Since George Tiller’s widely condemned shooting death in 2009, the abortion landscape in Kansas has changed, as abortion numbers decline. But the late abortionist’s disturbing legacy persists now that his abortion mill, which closed down after his death, has been reopened for the past year. To mark South Wind Women’s Center’s first anniversary, The Wichita Eagle ran a piece recapping the center’s journey to reopening, and reporting on how “business” has been for the abortion mill via an announcement of the death toll it has incurred via abortion. (The Eagle‘s original article is, strangely, no longer available for viewing on their website, but it can still be viewed here.) Emphasis added:
South Wind Women’s Center says it provided about 1,200 abortions in its first year…. South Wind said it has seen a total of about 1,500 patients for reproductive care, including abortions up to 14 weeks. Patients have come from across the state and from a few other states, such as Missouri, Oklahoma and Texas. Patient numbers are “right in line with our projections,” said Julie Burkhart…
Jill Stanek points out on her blog that the center’s primary business of abortion must not be raking in enough cash, however, since the center has begun offering transgender “services,” including sex change hormone therapy. Stanek notes that the center’s name may not be a boon to transgender business, however, since, it contains the word “Women’s.” She explains:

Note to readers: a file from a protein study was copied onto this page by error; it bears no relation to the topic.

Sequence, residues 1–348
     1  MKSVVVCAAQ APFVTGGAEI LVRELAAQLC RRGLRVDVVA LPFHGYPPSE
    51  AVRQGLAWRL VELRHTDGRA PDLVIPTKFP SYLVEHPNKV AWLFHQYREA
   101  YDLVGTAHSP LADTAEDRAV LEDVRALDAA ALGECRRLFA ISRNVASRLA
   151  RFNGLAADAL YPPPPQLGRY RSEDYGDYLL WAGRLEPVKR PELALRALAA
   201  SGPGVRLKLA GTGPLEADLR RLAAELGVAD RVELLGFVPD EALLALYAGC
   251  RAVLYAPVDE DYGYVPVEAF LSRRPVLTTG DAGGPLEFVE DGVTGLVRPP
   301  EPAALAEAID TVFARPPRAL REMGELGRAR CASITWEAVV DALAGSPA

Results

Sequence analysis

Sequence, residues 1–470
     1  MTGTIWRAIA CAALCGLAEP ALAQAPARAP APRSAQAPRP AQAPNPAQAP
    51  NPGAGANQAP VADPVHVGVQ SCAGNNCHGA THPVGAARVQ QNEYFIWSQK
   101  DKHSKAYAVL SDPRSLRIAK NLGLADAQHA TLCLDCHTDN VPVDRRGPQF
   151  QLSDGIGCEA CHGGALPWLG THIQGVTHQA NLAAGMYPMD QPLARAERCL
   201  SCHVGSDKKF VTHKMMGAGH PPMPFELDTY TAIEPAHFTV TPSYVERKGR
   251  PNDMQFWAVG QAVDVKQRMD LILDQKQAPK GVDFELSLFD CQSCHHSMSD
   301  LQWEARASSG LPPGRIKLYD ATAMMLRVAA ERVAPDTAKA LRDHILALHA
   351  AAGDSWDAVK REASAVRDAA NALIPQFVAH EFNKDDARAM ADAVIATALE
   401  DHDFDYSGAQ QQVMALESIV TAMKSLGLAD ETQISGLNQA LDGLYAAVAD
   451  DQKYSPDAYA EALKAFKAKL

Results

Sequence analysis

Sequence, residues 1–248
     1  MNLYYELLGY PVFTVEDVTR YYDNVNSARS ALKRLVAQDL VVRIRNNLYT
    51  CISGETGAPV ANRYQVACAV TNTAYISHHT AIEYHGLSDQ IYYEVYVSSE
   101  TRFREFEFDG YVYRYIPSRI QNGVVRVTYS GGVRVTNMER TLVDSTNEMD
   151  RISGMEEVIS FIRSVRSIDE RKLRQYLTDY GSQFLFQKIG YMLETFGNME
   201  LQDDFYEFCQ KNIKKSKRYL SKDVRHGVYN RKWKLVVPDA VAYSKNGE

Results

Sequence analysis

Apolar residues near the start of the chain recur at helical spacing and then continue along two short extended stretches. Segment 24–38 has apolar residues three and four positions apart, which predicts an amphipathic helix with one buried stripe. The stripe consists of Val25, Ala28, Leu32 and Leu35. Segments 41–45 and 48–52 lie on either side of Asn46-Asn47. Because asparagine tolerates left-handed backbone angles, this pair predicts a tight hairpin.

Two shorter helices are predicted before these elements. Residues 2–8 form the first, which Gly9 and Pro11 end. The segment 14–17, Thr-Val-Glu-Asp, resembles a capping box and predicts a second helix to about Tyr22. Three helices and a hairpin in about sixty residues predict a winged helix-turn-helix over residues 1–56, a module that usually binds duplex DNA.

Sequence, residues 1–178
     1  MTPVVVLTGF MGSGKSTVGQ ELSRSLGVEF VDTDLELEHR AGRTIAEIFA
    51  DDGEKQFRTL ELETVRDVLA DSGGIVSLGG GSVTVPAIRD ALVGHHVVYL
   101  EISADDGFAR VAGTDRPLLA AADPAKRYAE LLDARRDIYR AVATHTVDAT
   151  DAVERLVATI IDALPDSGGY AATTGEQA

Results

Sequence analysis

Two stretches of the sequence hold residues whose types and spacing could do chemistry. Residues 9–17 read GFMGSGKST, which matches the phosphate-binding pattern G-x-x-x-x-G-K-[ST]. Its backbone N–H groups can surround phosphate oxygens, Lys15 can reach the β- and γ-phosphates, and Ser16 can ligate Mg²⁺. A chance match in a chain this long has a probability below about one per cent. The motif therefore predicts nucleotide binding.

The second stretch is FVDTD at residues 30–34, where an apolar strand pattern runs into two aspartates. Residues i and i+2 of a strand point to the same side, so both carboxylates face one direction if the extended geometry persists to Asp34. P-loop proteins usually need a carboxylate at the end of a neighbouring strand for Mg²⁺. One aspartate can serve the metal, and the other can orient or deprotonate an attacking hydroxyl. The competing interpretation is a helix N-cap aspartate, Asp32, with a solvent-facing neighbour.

One of South Wind’s branding problems, though, is it calls itself a “women’s” center, a gender reference the transgender community doesn’t like (the reason why you will lately see abortion proponents using the term “pregnant people” rather than “pregnant women.” Pro-lifers should use the term “pregnant mothers.”) This is surely why it has given itself an additional name, which shows up nowhere on Google, as if it simply decided to also call itself Wichita Medical Center, PA, their corporate identity.
It could be the center’s lack of resident abortionists that is causing particularly severe financial hardship. The center’s abortionists travel from out of state to commit abortions at South Wind, and the travel expenses are not cheap, as Stanek explains:
Back to abortionists, South Wind is still relying on circuit riders, the very nature of which nullifies any possibility of a “doctor-patient relationship,” which abortion proponents love to tout. And circuit riders are much more costly. It takes at least one abortion to pay just for their travel expenses. From the ghost Wichita Eagle story: South Wind is flying in doctors to provide abortion care. It won’t name those doctors because of Tiller’s death. A doctor who helped open the clinic left in May, returning to her practice. Paying for doctors to travel to Wichita “is not the situation we would like to have,” Burkhart said. “I do think in time we will find more people in this region who are willing to come forward.”
Will South Wind survive the problem of relying on an abortionist circuit, and the branding issues it may face as it introduces transgender services? Maybe. The survival outlook is not so positive for the pre-born who are subjected to the “services” at South Wind, however.